Establishing A Bona Fide Domicile
The advice from the Office of the Attorney General, Education Division concerning presumption is that before domicile is established, an individual must do everything a resident of Washington is required to do (please see below).
To establish domicile in the state of Washington, students must provide documentation showing they meet the following guidelines:
Live in the state for at least 12 consecutive months as legal residents.A legal resident is an individual who has relinquished all valid legal ties (e.g., driver's license, voter registration, etc.) with their former state of residence and established such ties in Washington in accordance with state and local legislation.
Establish legal ties:
- Driver's license/state ID. Students must obtain a Washington State Driver's License within 30 days of arrival if they have a current out-of-state driver's license. Students who do not possess a driver's license from any state, must obtain a Washington State Identification Card.
- Vehicle registration. Students who own or drive a vehicle in Washington must be registered in Washington within 30 days of arrival.
- Voter registration. Students who have a current out-of-state voter's registration must register to vote in Washington within 30 days of arrival. If an individual has previously registered to vote in another state, they must register to vote in Washington. If the student does not register to vote in Washington, this means that they may still vote absentee in the prior state of residency
- Establish a bank account in Washington.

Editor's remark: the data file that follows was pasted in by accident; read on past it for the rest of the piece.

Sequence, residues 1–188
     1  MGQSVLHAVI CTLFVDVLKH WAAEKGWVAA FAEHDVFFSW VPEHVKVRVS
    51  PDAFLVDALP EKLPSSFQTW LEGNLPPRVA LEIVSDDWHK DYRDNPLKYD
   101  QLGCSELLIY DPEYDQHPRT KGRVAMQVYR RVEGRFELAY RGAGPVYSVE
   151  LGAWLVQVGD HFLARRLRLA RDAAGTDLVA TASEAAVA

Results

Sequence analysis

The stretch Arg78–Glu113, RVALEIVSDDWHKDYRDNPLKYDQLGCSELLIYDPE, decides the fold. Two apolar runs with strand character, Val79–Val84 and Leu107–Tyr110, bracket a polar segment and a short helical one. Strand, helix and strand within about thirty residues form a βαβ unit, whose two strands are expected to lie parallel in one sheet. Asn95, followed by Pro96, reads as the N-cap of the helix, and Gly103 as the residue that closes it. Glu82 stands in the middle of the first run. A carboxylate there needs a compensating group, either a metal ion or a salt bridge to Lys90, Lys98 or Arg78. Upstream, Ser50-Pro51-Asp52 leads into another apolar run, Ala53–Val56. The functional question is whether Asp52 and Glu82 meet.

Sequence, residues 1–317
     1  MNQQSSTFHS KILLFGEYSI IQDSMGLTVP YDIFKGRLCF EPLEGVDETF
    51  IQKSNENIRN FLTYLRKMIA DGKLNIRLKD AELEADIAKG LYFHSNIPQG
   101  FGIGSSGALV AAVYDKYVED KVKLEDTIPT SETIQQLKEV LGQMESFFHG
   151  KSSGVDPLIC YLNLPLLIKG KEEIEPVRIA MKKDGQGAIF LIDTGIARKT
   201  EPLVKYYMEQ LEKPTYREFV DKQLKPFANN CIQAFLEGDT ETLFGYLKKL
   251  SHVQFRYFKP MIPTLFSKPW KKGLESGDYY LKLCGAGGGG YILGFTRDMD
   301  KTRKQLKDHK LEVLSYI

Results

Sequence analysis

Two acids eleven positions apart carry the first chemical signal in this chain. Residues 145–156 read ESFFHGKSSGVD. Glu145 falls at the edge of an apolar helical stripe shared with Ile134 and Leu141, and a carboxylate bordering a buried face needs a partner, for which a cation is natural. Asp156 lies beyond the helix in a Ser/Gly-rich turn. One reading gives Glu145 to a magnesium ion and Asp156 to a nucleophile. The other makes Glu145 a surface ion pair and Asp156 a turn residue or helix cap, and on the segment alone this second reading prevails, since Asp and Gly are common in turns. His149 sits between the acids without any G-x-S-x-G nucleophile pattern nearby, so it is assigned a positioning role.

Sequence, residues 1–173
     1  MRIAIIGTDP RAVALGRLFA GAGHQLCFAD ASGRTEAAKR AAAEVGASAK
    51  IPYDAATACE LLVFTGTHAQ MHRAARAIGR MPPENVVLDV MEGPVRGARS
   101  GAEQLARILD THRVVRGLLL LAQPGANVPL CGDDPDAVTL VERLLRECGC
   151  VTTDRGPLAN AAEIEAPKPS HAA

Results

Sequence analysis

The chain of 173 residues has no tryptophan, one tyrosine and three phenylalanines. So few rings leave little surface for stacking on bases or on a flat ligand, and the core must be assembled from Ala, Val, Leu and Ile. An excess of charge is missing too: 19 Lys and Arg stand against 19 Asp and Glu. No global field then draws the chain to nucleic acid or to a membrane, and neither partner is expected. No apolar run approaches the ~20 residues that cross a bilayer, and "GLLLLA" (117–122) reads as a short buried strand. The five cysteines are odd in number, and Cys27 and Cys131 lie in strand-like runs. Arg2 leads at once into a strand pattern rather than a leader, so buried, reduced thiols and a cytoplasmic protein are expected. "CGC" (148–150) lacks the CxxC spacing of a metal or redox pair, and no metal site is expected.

Be financially independent for the current and prior calendar years.Students who are under the age of 25 with parents/legal guardians elsewhere and are establishing a Washington bona fide domicile must show Financial Independence through personal income & include parents' most recent tax returns.
Overcome presumption.Students must show conclusively that they have not come to Washington State primarily for educational purposes in order to qualify. One strong method of overcoming this presumption is through significant employment of 30 hours per week at a non-student position. Students can also demonstrate a combination of significant non-student employment and other ties such as community involvement (i.e. volunteering, etc.), active participation in state/local organizations, family, etc. to prove a non-educational purpose. The burden of proof lies on the student to demonstrate they have overcome this presumption.
Once the individual is in full compliance with all of Washington's requirements for residency, then they, as of that final date of compliance, have established domicile. Once domicile is established, the student is eligible for in-state tuition 12 months from the date of arrival if all legal ties were in place within 30 days. This is because the Washington statute says that domicile must be in existence for one year immediately prior to the first day of the quarter for which the student wants to be classified as a resident.
Examples of other factors that may help students establish proof of domicile include: disposition of property in the former state of residence, relocation of household members, participation in local community organizations, and generally becoming involved in activities that will help prove their intent to make Washington their official place of residence.